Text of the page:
Drawing upon current theoretical debates in social anthropology, development studies and political ecology, and presenting original research from across the Archipelago, this book addresses the changing histories and identities of upland people as they relate in new ways to the natural resource base, to markets and to the state. It is an engaged study, which fills important analytical gaps and addresses real-world concerns, exploring the uplands as components of national and global systems of meaning, power, and production. It offers a significant re-assessment of concepts, processes, histories, relationships and discourses, many of which are not unique to either the uplands or Indonesia, making the book essential and compelling reading for both scholars and practitioners.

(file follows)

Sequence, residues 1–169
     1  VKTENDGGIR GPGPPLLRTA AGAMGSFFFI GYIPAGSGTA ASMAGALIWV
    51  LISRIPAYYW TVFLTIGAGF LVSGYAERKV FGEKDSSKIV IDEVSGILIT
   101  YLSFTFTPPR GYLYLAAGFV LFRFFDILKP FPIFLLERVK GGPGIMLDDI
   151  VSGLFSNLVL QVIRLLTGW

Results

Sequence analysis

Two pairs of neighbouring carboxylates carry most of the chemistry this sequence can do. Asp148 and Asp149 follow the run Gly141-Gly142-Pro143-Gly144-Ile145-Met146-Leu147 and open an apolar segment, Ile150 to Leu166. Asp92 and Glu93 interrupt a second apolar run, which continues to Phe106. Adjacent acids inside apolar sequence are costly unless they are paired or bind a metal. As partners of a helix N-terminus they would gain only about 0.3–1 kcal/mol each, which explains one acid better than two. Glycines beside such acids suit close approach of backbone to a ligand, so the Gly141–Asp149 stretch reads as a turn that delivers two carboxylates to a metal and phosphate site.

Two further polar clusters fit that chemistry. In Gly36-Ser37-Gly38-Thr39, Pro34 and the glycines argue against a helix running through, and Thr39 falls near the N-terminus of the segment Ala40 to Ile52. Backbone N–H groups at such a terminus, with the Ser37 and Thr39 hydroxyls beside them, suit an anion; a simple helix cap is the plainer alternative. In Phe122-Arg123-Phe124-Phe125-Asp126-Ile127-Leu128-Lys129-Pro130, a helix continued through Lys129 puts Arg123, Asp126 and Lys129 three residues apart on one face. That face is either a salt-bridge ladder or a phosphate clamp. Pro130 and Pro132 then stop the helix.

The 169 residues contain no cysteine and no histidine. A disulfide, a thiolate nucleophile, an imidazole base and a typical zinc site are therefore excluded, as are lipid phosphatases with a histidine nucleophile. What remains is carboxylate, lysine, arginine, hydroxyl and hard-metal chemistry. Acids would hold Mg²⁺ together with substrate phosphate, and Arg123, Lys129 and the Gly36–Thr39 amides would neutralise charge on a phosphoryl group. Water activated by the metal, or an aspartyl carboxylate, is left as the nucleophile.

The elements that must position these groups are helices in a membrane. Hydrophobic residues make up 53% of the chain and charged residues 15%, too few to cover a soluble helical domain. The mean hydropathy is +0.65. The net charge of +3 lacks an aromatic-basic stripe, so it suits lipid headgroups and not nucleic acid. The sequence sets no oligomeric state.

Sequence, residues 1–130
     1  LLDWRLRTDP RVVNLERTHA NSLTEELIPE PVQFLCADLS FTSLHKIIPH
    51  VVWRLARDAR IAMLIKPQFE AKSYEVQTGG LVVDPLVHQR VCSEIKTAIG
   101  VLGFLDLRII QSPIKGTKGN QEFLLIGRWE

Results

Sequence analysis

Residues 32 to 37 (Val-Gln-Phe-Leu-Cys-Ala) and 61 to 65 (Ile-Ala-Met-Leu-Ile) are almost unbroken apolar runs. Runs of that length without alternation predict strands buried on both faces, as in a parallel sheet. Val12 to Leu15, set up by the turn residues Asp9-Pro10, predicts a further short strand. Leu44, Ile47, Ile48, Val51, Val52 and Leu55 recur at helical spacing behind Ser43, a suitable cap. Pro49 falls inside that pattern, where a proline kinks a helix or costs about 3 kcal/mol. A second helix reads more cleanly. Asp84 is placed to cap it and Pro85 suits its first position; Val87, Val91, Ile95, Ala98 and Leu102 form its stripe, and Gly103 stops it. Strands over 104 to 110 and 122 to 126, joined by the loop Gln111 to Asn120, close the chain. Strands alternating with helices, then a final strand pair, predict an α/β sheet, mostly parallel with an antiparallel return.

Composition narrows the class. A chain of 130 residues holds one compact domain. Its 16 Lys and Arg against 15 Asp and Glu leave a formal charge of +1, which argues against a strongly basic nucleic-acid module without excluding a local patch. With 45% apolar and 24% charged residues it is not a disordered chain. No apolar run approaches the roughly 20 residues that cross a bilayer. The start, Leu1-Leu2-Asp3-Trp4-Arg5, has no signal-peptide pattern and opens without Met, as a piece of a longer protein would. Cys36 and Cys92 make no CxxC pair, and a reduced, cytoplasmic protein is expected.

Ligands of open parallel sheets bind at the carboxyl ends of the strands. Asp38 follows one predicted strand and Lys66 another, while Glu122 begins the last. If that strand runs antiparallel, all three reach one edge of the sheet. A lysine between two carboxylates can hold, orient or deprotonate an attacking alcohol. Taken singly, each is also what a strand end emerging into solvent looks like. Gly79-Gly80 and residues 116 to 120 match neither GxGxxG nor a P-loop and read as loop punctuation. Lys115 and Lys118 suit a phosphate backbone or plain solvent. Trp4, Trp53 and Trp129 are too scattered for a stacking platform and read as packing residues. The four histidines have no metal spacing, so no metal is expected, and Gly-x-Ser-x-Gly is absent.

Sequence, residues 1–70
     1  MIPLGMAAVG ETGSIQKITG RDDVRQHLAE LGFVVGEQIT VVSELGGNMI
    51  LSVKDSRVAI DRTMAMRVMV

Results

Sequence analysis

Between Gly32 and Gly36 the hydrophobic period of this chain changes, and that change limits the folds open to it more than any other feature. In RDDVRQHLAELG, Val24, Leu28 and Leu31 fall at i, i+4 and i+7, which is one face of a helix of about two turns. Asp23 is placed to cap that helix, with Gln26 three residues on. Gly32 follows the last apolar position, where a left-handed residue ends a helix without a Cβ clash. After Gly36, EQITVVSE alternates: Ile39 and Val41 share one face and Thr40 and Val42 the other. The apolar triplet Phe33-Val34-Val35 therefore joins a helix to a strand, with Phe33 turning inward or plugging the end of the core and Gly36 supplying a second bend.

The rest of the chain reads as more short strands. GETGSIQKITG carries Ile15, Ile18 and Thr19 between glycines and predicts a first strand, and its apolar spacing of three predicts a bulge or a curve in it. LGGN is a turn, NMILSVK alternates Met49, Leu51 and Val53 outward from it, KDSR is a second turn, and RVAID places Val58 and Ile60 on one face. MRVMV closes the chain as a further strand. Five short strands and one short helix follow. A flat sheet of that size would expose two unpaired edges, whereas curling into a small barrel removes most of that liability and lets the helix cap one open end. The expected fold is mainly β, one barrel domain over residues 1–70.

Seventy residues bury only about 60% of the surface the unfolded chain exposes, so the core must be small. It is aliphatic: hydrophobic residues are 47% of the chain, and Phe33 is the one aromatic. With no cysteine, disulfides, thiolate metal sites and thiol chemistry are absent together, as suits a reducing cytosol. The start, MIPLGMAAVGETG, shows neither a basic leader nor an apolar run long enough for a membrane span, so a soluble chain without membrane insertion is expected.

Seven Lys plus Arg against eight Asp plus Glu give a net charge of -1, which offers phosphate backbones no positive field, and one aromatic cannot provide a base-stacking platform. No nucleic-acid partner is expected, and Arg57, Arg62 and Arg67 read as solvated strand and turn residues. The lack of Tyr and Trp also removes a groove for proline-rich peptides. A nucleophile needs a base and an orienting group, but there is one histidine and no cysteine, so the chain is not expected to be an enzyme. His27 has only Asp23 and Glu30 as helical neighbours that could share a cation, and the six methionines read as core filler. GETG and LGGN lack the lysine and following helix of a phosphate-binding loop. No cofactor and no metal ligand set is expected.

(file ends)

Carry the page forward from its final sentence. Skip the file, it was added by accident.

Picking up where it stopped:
'An important overall theme of the book is the ways in which political, social and economic marginality is constituted, expressed and sustained....Overall the quality of the contributions to the volume is high; Li's editorial introduction and her first chapter on marginality, power and production are especially useful....Several of the chapters...provide excellent historical and ethnographic detail.' - Social Anthropology